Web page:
Mmmmmmm...egg rolls. Better yet, microwaved egg rolls. Mario Lemieux, the extraordinary young center for the Pittsburgh Penguins and our culinary guide for the evening, carefully fingers each icy morsel and then fires it into the oven.
"Something to drink?" he asks, opening the refrigerator. Inside, there is food with a Civil War expiration date. The dishes in the sink are dirty. On the bottom shelf of the fridge is a very dubious-looking chocolate cream pie. "My girlfriend made that," Lemieux says. "She went back home to Montreal three weeks ago."
Thank goodness beer keeps. Lemieux grabs an Iron City—what else would a self-respecting Pittsburgher drink—and plops down onto the couch in his furnished apartment. Soon the microwave whines. Lemieux, with the daring of youth, takes the first bite. "Ugggh," he says, wincing. "Bad, eh?" Lemieux does the only rational thing. Back to the refrigerator. Ketchup.
So now the ugly truth can be told. Lemieux is a normal 20-year-old, much like any other 20-year-old. Except for one difference: He's the 20-year-old who saved hockey in Pittsburgh, the man-child who brought the Penguins back from endangered species status, both competitively and financially. No player—not Wayne Gretzky, not Bobby Orr—has ever been asked to do so much both on the ice and off. No player has ever responded more brilliantly and gracefully.
"Without Lemieux, they pack up the team and move to another city," says Glen Sather, president, general manager and coach of the Edmonton Oilers.
Lemieux, drafted No. 1 overall in 1984, scored 43 goals and had 57 assists last season for 100 points, the third-highest total by a rookie (bettered only by Peter Stastny and Dale Hawerchuk). He won the Calder Trophy as the NHL's Rookie of the Year. He was the Most Valuable Player in the All-Star Game. And, moonlighting, he led Team Canada to a stunning victory over the Soviet Union and a second-place finish at the world championships in Prague.
This season Lemieux is ahead of that pace, by a lot. In 59 games the 6'4", 200-pound Montrealer has 38 goals and 72 assists for 110 points and thus ranks second in the league to Gretzky, who has 164 points. As of Sunday, Lemieux had the longest consecutive point scoring streak in the NHL, at 18 games. And as he has staged his midseason scoring surge, the Penguins, with a 28-25-7 record, are locked in a battle with the N.Y. Islanders for third place in the tough Patrick Division. Their 63 points earned in 60 games are 10 more than they accumulated for all of 1984-85, and suddenly a team that could win only 16 games the season before Lemieux arrived is a good bet to make the playoffs.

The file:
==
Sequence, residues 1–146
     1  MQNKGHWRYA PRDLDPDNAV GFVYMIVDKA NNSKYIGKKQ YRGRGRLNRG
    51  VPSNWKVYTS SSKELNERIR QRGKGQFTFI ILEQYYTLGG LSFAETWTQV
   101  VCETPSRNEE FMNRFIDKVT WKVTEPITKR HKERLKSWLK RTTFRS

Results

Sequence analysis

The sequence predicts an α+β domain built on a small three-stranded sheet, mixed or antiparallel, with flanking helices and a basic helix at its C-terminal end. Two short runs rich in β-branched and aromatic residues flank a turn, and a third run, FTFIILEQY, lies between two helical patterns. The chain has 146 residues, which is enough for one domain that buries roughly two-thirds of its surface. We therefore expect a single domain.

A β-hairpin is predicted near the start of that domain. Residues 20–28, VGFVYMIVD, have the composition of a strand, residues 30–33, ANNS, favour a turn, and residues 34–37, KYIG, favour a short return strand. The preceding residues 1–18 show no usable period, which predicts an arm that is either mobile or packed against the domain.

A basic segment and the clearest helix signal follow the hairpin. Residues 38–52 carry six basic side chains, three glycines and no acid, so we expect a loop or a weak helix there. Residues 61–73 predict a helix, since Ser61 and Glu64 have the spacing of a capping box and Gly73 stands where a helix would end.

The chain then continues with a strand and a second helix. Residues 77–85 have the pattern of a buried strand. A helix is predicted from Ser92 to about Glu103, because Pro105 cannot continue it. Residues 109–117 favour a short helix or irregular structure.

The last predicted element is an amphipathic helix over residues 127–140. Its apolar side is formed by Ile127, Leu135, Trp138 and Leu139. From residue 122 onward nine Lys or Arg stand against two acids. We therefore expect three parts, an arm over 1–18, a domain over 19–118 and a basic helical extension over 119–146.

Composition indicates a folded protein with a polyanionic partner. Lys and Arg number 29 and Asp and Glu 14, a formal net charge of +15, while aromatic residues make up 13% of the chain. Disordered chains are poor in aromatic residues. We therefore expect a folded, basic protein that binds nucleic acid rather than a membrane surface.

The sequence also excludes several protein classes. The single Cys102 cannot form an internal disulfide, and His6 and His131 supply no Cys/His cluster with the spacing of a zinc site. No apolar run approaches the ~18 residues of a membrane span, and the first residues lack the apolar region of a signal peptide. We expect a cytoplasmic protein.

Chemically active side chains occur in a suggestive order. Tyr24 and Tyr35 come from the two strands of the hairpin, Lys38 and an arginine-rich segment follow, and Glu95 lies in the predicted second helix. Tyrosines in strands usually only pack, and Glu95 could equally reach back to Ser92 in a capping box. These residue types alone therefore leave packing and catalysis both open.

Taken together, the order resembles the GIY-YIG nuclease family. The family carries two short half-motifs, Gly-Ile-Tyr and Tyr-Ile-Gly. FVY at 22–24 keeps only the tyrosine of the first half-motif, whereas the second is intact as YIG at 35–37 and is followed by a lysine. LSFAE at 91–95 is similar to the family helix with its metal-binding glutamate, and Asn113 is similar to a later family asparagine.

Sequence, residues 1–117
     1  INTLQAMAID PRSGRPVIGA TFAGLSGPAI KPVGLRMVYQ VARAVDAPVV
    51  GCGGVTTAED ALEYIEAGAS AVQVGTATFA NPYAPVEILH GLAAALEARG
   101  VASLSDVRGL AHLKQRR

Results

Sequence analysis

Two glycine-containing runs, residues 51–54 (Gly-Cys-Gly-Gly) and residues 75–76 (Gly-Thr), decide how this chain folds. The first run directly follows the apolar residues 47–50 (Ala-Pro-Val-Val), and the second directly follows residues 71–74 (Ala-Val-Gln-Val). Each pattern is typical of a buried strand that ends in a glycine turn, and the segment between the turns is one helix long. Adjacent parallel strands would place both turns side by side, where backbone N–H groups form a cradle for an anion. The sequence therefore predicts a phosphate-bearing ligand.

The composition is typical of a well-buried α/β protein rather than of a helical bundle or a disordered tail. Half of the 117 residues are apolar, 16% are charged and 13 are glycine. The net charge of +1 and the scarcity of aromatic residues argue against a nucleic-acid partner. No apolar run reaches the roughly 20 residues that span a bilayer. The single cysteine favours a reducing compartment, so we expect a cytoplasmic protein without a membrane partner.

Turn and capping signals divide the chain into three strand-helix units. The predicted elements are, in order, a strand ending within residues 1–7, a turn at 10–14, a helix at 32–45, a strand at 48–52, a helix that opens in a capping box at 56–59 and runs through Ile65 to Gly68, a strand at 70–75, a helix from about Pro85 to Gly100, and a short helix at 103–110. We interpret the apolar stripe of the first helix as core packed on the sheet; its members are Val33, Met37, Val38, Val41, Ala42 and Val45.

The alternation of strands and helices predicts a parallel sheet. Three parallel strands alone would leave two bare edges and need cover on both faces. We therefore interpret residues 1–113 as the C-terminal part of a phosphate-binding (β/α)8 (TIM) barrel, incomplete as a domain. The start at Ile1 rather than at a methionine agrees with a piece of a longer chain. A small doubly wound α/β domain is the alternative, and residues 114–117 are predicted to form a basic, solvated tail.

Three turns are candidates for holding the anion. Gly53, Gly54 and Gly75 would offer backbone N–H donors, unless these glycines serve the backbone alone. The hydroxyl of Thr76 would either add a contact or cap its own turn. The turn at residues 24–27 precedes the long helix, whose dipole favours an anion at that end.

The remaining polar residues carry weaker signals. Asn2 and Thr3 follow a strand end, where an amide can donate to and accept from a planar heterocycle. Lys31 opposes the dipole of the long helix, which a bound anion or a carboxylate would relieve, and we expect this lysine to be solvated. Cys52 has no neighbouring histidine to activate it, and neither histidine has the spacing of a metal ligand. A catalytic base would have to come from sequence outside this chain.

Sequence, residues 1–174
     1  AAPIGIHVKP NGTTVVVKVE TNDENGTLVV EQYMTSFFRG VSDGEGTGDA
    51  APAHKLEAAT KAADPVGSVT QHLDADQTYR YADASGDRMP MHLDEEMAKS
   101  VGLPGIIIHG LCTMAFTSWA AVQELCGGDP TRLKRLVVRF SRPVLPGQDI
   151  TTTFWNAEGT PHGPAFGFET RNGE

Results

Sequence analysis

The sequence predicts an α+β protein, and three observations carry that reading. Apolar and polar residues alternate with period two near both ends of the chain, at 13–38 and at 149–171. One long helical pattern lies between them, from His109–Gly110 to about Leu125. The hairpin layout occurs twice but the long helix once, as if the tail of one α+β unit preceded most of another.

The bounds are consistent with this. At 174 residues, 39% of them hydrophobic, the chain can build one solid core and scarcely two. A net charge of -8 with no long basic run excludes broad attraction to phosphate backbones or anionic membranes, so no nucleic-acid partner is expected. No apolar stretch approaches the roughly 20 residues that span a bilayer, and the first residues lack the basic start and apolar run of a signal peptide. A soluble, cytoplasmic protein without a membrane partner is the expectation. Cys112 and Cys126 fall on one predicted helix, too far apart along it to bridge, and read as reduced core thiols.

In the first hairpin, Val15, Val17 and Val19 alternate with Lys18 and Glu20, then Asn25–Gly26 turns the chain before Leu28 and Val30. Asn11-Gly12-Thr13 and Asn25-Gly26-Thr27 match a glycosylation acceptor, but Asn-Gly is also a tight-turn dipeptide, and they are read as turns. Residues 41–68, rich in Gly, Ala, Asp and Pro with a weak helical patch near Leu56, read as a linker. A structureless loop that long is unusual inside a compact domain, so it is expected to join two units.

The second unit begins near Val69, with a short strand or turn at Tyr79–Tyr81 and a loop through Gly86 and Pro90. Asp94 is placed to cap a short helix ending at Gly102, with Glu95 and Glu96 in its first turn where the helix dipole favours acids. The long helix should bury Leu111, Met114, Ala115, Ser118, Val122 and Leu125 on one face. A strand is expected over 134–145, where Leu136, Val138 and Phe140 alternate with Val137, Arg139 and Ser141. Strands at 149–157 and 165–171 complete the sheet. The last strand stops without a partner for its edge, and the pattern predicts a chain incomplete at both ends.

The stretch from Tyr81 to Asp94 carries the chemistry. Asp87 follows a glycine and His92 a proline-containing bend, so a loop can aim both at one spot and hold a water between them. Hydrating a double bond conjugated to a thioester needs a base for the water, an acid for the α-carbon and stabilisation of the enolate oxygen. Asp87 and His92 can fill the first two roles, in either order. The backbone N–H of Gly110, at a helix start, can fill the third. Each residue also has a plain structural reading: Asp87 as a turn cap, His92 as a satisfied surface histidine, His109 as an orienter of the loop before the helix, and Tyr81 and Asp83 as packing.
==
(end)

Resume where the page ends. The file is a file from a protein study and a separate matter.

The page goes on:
Perhaps most important, the Penguins are no longer regarded by Pittsburgh as comic relief after the Steelers pack up and go home. Last season, attendance at the 16,033-seat Civic Arena increased 46%, from an average of 6,839 to 10,018. This season there has been another 18% gain, to 11,864. How much of that increase is due to Lemieux? "I'd say 90 percent," says Paul Steigerwald, the Penguins' director of marketing. "No, actually I'd have to say 100 percent. Without him, the team doesn't improve and the fans don't come out. He's meant everything to this organization."
Including its continued existence in Pittsburgh. It was only last summer that Edward J. DeBartolo, owner of the Penguins and the Major Indoor Soccer League's Pittsburgh Spirit, threatened to disband or move both of the financially draining franchises. The Penguins were said to be going north across the border to Hamilton, Ont. But on July 22, DeBartolo won a $425,000 reduction in Civic Arena rent and a city-county commitment of as much as $11.4 million to refurbish the 24-year-old building. In return, DeBartolo pledged only to keep the teams in Pittsburgh for at least this season. Now, with Lemieux leading a renaissance that has turned Steel City fans on, the moving vans have been called off. "We're staying right here," says general manager Eddie Johnston.
And so is Lemieux. He had signed the richest NHL rookie contract ever—$350,000 for each of his first two seasons. This winter the Penguins gave him a five-year deal worth an estimated $2.75 million, which puts him second only to Gretzky on the league salary scale.